Watertown Daily Times (New York) - by Christopher Robbins
As the city prepares to sell two properties rehabilitated using funds from the Neighborhood Stabilization Program, council members are objecting to the sums spent fixing them up.
The houses at 2 Grove St. and 819 Knox St. were renovated at a cost of almost $200,000 in state and federal grant funds, but the properties are slated to sell for far less.
“I obviously don’t think that’s a great use of money,” said Councilman William D. Hosmer. “
Housing program administrators spent almost $90,000 on the house at 819 Knox St., which will be sold to its occupants at its assessed value of $51,000. The house at 2 Grove St., slated to be sold for $42,000, had more than $105,000 spent for its partial demolition and rehabilitation.
City Council members think that money could have been better spent.
“I’d much rather see money like that distributed to more people,” said Councilman Daniel E. Skamperle. “I’d rather see maybe four houses get $50,000 for renovation.”
Mayor William D. Nelson agreed.
“If we could have taken that money and fixed up five houses, that would have been the ideal,” he said. “Could we have gotten more bang for our buck? Probably.”
James A. O’Neill, the president of C. W. Augustine of DeKalb Junction, the firm that administers the city’s housing program, has told council members that his options were limited by restrictions on the use of the federal grant money.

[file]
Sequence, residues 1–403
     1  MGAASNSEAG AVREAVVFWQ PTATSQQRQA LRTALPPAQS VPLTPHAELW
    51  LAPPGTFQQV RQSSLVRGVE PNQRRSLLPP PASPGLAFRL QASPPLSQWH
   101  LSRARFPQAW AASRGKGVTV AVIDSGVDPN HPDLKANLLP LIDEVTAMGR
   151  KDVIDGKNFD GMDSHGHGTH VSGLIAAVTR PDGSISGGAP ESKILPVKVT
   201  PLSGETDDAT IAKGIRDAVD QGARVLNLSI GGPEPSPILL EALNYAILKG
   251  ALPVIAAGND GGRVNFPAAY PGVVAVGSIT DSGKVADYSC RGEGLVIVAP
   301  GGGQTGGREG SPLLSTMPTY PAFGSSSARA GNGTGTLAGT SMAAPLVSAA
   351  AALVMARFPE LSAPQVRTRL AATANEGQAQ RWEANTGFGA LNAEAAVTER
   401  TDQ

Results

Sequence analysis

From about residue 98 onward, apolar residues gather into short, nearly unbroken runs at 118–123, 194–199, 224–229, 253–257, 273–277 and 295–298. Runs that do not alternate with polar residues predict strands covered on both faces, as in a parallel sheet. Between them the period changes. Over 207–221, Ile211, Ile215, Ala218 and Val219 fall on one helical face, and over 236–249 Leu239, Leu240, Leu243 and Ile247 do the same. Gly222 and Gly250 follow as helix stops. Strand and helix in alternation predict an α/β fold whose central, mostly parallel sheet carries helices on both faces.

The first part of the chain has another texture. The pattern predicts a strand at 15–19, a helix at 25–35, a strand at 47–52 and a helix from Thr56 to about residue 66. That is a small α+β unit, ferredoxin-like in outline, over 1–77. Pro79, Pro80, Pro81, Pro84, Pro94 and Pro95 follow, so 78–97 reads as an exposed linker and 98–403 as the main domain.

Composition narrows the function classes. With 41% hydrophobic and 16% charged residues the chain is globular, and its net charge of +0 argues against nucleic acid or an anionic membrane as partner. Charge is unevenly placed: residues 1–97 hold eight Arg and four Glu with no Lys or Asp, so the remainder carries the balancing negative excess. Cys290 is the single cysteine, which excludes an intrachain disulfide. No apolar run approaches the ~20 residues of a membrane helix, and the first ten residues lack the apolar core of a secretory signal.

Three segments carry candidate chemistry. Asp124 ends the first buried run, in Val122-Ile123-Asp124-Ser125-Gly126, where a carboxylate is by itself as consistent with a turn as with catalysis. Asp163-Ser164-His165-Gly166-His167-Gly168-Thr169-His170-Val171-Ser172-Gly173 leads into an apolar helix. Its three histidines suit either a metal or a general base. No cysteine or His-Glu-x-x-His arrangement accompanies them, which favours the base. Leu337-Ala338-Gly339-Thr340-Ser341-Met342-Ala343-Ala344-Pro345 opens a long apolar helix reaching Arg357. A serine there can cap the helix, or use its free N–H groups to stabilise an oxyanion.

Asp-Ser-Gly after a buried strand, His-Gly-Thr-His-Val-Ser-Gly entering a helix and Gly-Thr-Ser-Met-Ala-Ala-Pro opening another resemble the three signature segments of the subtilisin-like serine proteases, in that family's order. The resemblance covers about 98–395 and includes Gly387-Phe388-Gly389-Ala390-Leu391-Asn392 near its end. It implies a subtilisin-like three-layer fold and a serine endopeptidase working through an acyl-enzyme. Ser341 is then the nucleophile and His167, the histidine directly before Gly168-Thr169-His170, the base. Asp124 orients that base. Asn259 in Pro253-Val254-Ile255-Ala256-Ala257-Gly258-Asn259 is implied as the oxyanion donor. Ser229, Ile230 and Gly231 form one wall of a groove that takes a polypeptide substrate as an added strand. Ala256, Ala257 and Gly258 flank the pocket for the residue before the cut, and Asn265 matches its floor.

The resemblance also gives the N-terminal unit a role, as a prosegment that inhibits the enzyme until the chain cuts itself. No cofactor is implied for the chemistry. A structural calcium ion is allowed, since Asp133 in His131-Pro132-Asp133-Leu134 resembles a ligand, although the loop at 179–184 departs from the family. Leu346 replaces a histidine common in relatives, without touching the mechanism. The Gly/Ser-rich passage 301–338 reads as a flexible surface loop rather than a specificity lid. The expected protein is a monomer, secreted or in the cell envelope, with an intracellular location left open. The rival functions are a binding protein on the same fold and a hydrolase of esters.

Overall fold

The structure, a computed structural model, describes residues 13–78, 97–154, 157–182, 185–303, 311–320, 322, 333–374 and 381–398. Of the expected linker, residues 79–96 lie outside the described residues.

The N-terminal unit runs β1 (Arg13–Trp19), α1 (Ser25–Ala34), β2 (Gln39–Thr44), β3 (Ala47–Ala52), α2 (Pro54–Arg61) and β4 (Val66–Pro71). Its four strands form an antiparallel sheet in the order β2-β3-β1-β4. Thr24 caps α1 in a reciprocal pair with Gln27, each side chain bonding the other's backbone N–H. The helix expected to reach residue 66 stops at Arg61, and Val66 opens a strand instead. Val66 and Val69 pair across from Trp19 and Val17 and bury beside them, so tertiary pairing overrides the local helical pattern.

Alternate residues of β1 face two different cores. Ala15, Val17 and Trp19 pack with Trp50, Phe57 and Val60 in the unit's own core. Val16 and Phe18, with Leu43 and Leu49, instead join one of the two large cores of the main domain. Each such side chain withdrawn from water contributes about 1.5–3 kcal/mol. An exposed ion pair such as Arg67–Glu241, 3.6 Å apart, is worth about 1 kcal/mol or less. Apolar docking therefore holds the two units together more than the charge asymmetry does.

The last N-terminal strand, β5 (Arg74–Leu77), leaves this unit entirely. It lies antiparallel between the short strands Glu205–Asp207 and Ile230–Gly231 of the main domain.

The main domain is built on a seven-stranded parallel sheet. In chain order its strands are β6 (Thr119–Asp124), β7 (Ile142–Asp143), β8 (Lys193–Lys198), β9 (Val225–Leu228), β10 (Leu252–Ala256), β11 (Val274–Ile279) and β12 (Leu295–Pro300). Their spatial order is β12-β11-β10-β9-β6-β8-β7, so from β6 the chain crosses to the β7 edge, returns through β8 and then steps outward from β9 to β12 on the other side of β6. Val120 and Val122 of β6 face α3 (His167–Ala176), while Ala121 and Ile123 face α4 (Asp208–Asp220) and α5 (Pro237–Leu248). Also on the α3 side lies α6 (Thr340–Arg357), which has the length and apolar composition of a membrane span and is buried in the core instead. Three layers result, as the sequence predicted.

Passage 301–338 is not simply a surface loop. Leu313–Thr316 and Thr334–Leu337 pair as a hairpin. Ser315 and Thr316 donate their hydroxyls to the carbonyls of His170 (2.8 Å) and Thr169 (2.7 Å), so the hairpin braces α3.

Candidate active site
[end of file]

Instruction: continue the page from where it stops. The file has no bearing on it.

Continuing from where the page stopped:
The Neighborhood Stabilization Program money could be spent only on properties owned by the city.
When the program was started, Mr. O’Neill and former city planner J. Justin Woods identified just 10 properties that fit the program. Nonetheless, council members say that money should have been better distributed.
“That $200,000 should have gone a lot farther and gotten the taxpayers more,” said Mr. Skamperle.
Before rushing to judgment, council members should look at the body of work done through the housing program, said Councilwoman Jennifer Stevenson.
“I would like to see what their options were, what houses were eligible for the program,” she said. “I haven’t seen them yet. I would like to see them before I comment.”
She said she would tour the properties Friday.
Councilman Wayne L. Ashley, who has toured some of the houses, objected to the decision to rehabilitate 2 Grove St.
“I personally looked at all the city-owned houses. I do not believe that the Grove Street house was a good investment to put $105,000 in,” he said. “The living space to me appears to be less than 500 square feet. The square footage is preposterous for the amount of money they put in the house.”
Mr. Ashley said that for the cost per square foot spent on renovating the house, the city could have done better.
“We spent $200 a square foot on that house. People who build houses say they are spending about $150 a square foot,” he said. “That was a poor decision to put money in that house.”
Mr. Nelson emphasized that city department heads and Mr. O’Neill decided how the program funds would be spent.
“City Council didn’t oversee the program, city staff oversaw the program,” he said. “It would have been nice if some of that money could have gone further. It would have been nice to do more houses.”